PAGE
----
For a city of its size, Turku has a good public transportation network of bus routes. It is managed and supervised by the City of Turku Public Transport Office, and is operated mainly by private companies. All the major districts are served by buses every ten to fifteen minutes during the day, some even more frequently. Regional buses are operated by private companies, with very frequent services especially to the neighbouring cities of Naantali, Raisio, and Kaarina. Rail traffic to and from Turku is handled by the Finnish national carrier, VR. As with most other Finnish cities, railways were an important method of transportation in the first half of the 20th century, but have since seen a sharp fall in popularity. As a result, the number of services has fallen and only the railways towards Tampere and Helsinki are now in use. The railway stations currently used for passenger traffic are the Turku Central railway station in Pohjola, and two smaller stations in Kupittaa and the Port of Turku. There is no local rail traffic at the moment, as the city's tram services were discontinued in 1972, and the various local railway lines to neighbouring towns and municipalities were all abolished during the late 20th century. However, there are plans for a light rail line in the Turku region in the near future. This system would more ably serve major suburbs of the city such as Varissuo and Runosmäki, as well as the neighbouring cities. Turku Airport is located eight kilometres to the north of the city centre, partly in the neighbouring municipality of Rusko. There are also daily ferry services from the Port of Turku to Sweden and Åland, operated by Silja Line, Viking Line and SeaWind Line. These are somewhat of a Finnish cultural tradition , and people often travel long distances across Finland to Turku just to take a cruise across the Gulf of Bothnia. The archipelago sea boat traffic is handled by S/S Ukkopekka. Old steamship cruise Turku-Naantali(One of the tourist center in Finland)-Turku.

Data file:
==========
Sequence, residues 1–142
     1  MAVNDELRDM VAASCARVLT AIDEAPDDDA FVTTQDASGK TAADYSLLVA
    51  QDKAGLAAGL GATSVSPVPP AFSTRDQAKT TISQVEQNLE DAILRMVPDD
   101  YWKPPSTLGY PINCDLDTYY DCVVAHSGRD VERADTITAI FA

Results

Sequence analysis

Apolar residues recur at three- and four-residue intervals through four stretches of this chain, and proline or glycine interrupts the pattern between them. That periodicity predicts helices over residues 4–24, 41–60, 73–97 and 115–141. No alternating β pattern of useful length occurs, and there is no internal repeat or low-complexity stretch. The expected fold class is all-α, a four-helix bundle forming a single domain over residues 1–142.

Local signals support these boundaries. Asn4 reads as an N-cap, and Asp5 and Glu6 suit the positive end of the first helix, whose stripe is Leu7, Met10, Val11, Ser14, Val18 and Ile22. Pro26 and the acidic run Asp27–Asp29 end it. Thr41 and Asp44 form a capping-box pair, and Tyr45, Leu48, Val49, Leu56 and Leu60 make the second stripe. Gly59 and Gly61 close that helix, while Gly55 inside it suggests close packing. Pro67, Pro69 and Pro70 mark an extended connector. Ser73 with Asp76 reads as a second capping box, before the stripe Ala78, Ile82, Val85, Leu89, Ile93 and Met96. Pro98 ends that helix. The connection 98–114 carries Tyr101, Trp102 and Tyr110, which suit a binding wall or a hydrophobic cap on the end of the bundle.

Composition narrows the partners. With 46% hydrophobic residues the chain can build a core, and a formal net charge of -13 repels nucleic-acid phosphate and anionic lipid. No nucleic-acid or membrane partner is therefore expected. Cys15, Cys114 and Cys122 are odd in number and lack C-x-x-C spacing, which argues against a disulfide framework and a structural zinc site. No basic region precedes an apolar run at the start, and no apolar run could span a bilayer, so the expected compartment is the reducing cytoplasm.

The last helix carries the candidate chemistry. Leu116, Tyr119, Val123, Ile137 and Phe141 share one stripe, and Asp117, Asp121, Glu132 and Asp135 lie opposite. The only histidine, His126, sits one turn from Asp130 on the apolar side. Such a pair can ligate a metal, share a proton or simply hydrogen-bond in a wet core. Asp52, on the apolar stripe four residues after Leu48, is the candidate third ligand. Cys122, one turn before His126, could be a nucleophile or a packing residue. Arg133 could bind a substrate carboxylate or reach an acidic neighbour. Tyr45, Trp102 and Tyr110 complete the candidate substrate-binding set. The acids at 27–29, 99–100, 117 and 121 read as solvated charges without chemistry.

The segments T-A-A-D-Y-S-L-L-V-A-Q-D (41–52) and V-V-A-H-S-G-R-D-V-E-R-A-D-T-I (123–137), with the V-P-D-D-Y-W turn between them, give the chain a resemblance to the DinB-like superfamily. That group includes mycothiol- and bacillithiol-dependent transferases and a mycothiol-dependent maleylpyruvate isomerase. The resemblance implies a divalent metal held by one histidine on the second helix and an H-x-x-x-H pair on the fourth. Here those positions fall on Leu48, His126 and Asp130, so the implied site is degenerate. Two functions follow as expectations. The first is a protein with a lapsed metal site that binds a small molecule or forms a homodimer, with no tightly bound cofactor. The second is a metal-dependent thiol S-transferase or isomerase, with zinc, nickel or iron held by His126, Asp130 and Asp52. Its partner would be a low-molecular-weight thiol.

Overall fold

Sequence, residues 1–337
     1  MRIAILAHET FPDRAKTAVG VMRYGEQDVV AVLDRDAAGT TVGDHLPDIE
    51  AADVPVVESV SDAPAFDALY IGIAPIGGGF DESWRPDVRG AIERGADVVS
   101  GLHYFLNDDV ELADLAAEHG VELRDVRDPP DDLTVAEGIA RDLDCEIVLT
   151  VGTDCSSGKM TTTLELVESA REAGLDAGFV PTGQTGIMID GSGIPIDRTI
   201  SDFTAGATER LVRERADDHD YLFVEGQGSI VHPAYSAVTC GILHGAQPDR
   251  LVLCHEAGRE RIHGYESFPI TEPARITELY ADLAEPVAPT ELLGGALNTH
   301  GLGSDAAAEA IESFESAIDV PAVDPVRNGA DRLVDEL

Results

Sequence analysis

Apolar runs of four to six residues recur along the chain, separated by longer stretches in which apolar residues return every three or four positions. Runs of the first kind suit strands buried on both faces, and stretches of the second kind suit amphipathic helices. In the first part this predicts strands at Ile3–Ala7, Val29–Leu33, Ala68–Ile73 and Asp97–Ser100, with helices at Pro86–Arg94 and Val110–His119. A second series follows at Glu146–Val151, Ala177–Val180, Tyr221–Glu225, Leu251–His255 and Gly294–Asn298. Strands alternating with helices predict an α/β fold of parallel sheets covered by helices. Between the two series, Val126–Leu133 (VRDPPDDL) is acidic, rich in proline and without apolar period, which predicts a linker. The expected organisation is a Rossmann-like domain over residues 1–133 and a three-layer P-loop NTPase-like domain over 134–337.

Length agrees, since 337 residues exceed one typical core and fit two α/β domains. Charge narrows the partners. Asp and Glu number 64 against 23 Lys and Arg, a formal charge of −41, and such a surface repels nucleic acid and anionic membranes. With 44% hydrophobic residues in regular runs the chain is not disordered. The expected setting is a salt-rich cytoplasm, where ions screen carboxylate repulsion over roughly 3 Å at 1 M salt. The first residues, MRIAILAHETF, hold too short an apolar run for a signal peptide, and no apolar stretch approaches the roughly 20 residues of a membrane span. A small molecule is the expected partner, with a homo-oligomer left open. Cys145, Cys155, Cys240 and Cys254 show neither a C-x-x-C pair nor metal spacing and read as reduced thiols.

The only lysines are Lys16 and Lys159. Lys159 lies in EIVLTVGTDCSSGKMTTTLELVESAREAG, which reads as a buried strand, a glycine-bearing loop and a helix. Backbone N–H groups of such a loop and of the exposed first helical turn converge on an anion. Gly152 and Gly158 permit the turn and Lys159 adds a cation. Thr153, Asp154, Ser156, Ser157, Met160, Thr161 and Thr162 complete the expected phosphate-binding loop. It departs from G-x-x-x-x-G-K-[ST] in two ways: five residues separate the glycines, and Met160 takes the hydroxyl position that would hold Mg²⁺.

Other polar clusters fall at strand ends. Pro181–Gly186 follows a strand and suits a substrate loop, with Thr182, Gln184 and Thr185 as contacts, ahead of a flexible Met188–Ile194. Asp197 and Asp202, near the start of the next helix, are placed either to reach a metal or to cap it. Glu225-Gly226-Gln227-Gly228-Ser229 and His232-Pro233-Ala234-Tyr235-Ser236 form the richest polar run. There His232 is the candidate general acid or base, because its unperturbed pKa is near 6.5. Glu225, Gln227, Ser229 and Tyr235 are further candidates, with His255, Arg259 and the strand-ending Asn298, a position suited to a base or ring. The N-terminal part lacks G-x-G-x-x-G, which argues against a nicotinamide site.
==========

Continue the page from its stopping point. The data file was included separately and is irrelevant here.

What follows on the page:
At the end of 2004 the Turku region (including the economic districts of Turku and Åboland) had a population of 319,632, out of which 174,824 people lived in the city of Turku. The city's population density is 718 inhabitants per square kilometre. 89.4% of Turku's population speak Finnish as their native language, while 5.2% speak Swedish. The next most widely spoken languages are Russian (1.3%), Arabic (0.6%), Albanian (0.5%), and Kurdish (0.4%). 95.8% of the population are Finnish citizens, and the most sizeable minorities are from Russia, Estonia, Iraq, and Iran. Like all other Finnish cities, Turku does not collect information about the ethnic and religious makeup of its population. Throughout its history, Turku has always welcomed new influences: it was through Turku that the Swedish crown occupied what is today known as Finland. In the Middle Ages, it hosted German merchants, while engaging in trade with the Hanseatic League. Even today, the city has retained its tendency towards hospitality – it has a higher proportion of immigrants than any other Finnish city.


Hansatori Shopping Center